Non-gastrointestinal risks of proton pump inhibitor use

Conflicting evidence regarding the association between PPI use and the risk of bone fracture has been reported. Potential pathophysiological mechanisms include impaired intestinal calcium absorption and alterations in bone metabolism, mediated by inhibition of osteoclast proton pumps. A meta-analysis reported increased odds in patients taking PPIs of hip fracture (OR, 1.25; 95% CI, 1.14–1.37) or vertebral fracture (OR, 1.50; 95% CI, 1.32–1.72).11 However, no dose–response relationship was observed and significant heterogeneity was noted. Given the observational nature of the included studies, it is likely that these findings are secondary to unmeasured confounding, with PPI users being more likely to have a comorbid condition, such as obesity or tobacco smoking, that is associated with both PPI use and an increased risk of fracture.

The association between PPI use and community-acquired pneumonia (CAP) has been investigated, again with conflicting results from the numerous observational studies. A meta-analysis of these studies indicated an increase in the odds of developing CAP with short term PPI use (OR, 1.92; 95% CI, 1.40–2.63), but not with prolonged use (OR, 1.11; 95% CI, 0.90–1.38).12 This lack of a dose–response relationship, the absence of any plausible pathophysiological mechanism to explain the association, and the significant heterogeneity of the included studies cast doubt on this association, again suggesting prescription channelling may have influenced the study findings.

The most common side effect of antiplatelet medication is GI haemorrhage secondary to peptic ulcer disease, resulting in the prophylactic use of PPIs for gastro-protection in many patients with cardiovascular disease. A reduction in the in vitro antiplatelet effect of clopidogrel, when used in conjunction with omeprazole, led to concerns about a possible increase in cardiac event rates when these drugs were co-prescribed after percutaneous coronary intervention.13 However, a randomised controlled trial (RCT) investigating the incidence of GI complications and subsequent cardiac events in patients randomly allocated to receive either dual antiplatelet therapy and omeprazole, or dual antiplatelet therapy and placebo found that there was no difference in the cardiac event rate in patients receiving omeprazole or placebo (hazard ratio [HR], 0.99; 95% CI, 0.68–1.44), but a significant reduction in overt upper GI bleeding was noted with omeprazole (HR, 0.13; 95% CI, 0.03–0.56).14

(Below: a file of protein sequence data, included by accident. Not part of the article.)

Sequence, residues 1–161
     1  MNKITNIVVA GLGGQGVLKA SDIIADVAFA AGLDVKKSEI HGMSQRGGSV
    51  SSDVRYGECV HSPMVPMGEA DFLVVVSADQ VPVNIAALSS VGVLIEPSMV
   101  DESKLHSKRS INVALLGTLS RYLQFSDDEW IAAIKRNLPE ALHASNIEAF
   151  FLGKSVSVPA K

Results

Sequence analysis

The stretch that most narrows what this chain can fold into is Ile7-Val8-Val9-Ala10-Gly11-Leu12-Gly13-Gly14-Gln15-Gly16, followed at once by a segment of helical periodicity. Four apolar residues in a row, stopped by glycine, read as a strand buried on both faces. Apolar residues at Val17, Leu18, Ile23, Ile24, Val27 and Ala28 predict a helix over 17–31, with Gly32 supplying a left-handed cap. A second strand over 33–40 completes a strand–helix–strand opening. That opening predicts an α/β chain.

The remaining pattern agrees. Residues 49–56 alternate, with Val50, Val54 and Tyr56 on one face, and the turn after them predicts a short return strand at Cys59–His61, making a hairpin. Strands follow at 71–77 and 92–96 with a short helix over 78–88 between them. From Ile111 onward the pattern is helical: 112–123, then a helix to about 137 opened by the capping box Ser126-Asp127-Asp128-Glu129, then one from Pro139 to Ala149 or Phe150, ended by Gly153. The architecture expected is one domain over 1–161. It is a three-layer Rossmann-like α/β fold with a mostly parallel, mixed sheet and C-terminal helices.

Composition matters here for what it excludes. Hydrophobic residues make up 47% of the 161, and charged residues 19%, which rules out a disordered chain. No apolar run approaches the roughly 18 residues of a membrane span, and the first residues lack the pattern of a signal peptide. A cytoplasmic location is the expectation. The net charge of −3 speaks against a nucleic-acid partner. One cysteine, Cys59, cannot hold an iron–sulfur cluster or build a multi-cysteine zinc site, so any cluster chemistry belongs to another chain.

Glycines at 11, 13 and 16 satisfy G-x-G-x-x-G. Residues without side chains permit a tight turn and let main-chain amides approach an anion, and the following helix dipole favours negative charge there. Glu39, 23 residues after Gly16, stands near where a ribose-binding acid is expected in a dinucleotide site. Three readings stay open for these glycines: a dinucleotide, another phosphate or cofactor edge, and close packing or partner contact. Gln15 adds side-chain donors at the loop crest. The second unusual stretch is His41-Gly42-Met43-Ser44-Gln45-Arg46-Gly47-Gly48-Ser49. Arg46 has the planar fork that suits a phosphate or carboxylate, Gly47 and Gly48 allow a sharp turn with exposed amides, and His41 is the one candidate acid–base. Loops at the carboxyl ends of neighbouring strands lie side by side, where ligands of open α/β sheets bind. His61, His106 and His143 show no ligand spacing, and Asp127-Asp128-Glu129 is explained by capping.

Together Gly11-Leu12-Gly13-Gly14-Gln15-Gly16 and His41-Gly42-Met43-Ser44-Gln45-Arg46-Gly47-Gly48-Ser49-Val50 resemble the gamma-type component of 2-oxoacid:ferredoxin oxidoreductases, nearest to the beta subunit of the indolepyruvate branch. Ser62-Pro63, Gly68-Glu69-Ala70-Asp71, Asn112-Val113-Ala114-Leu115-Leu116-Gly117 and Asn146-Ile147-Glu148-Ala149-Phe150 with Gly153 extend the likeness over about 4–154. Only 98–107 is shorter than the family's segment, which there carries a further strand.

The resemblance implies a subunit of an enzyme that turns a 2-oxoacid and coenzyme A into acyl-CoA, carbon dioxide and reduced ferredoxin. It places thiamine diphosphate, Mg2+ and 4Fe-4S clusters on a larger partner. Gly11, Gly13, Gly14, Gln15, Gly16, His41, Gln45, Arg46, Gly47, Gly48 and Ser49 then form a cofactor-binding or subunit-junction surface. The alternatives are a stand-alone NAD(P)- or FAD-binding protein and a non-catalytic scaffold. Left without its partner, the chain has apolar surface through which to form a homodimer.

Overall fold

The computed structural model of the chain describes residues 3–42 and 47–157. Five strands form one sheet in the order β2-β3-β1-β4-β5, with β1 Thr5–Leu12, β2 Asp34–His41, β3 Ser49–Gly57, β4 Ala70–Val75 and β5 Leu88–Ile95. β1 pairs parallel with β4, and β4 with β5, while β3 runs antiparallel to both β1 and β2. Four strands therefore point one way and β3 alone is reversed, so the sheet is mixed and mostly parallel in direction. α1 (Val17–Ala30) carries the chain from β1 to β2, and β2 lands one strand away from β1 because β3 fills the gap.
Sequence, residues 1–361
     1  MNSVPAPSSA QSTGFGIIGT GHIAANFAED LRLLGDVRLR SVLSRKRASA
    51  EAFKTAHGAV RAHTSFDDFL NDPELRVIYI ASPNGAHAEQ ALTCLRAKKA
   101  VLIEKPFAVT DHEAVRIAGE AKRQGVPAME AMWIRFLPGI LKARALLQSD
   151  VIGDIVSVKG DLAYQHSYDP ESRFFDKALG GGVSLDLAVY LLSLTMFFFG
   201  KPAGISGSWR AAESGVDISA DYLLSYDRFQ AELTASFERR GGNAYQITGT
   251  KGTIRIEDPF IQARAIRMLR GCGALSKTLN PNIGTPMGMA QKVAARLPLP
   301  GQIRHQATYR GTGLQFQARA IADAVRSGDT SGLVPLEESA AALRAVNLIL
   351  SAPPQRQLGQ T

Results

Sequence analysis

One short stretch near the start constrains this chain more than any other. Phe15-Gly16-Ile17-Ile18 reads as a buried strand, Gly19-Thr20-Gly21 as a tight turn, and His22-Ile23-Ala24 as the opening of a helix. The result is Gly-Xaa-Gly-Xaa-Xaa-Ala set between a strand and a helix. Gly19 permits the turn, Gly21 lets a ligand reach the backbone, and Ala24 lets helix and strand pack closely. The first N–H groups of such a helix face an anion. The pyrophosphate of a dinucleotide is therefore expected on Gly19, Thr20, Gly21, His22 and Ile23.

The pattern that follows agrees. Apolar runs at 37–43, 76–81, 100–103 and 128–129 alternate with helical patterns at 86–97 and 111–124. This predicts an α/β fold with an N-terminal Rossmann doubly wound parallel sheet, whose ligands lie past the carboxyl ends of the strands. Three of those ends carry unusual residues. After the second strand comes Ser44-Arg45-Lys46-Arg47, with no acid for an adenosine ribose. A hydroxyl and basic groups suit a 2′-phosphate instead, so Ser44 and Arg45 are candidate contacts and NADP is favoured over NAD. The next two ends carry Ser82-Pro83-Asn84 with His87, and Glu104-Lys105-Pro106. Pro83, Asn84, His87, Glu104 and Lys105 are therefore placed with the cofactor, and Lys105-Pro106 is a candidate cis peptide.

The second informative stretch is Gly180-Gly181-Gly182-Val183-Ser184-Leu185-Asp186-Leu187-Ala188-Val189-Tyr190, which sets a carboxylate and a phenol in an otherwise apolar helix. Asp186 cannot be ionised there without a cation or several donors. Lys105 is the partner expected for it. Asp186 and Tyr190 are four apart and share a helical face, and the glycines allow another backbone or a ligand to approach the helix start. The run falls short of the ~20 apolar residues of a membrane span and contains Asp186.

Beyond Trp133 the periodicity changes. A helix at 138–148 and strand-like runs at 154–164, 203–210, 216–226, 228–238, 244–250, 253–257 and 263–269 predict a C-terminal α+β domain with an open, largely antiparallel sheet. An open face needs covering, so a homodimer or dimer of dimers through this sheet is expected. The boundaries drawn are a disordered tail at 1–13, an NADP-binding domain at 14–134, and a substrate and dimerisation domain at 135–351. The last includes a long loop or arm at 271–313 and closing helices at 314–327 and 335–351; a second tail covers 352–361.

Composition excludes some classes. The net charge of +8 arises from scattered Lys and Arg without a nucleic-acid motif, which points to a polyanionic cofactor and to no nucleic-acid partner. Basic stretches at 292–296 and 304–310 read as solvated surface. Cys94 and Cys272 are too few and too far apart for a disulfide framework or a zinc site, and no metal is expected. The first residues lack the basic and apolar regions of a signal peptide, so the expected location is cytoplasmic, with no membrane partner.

The incidence of dementia is increasing. A recent cohort study suggested PPI use may be a risk factor for the onset of dementia in patients aged over 75 years, after adjusting for potential cardiovascular, cerebrovascular, and pharmacological confounders (HR, 1.44; 95% CI, 1.36–1.52).15 However, morbidity and mortality associated with adverse events, including those associated with GI bleeding, were not assessed, meaning that the effect of unmeasured confounding could not be accounted for and, in a case–control study, PPIs appeared to protect against dementia (OR, 0.93; 95% CI, 0.90–0.97).16 Despite this, it is plausible that PPIs may increase the risk of dementia, as there is evidence suggesting that PPIs cross the blood–brain barrier, and may promote the production, or impair the degradation, of amyloid,17 although another potential mechanism could be through the effects of PPIs on vitamin B12 absorption, as discussed above.


Although PPIs have revolutionised the management of several upper GI disorders, their use may be associated with intestinal and extra-intestinal complications. Most studies that have exposed these risks are observational and retrospective in nature. In the only RCT that has examined the impact of one of these associations on patients, no increase in the risk of cardiac events was observed with PPIs. Unlike RCTs, the inherent flaws of observational studies do not account for unmeasured bias and confounding, and only provide evidence for the presence or absence of an association, rather than a causal link between PPI use and the risk of such complications. Moreover, the magnitude of the increased associations observed in many of these studies, although statistically significant, is unlikely to be large enough to be clinically relevant, and is probably explained by a combination of residual confounding, prescription channelling, and protopathic bias. Patients should therefore be informed that the benefits of PPIs outweigh any potential deleterious effects. Nevertheless, just like any other drug, PPIs should be prescribed judiciously, with a clear indication and regular review of the appropriateness of continued long term use to minimise these theoretical risks. Currently, no routine monitoring of PPIs is recommended other than periodic measurement of serum magnesium levels if long term use is required.

Provenance: <p>Commissioned; externally peer reviewed.</p>

  • David J Gracie1
  • Alexander C Ford2

  • 1 Leeds Gastroenterology Institute, St James's University Hospital, Leeds, UK
  • 2 Leeds Institute of Biomedical and Clinical Sciences, University of Leeds, Leeds, UK


Competing interests:

No relevant disclosures.

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access_time 04:36, 12 October 2016
Clinton Leahy

Thanks for this Proton Pump Inhibitor (PPI) risk summary. JAMA this year released a paper proposing a possible PPI association with chronic kidney disease. I was hoping to see this included in your discussion as this is an increasing concern in our patient demographic.

Competing Interests: No relevant disclosures

Dr Clinton Leahy